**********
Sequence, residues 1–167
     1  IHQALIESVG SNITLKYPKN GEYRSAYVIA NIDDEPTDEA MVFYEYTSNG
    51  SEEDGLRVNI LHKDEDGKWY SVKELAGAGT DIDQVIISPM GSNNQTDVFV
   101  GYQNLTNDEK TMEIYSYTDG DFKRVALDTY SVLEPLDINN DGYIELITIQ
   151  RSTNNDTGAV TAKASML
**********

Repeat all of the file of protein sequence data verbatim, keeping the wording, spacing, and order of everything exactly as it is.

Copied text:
Sequence, residues 1–167
     1  IHQALIESVG SNITLKYPKN GEYRSAYVIA NIDDEPTDEA MVFYEYTSNG
    51  SEEDGLRVNI LHKDEDGKWY SVKELAGAGT DIDQVIISPM GSNNQTDVFV
   101  GYQNLTNDEK TMEIYSYTDG DFKRVALDTY SVLEPLDINN DGYIELITIQ
   151  RSTNNDTGAV TAKASML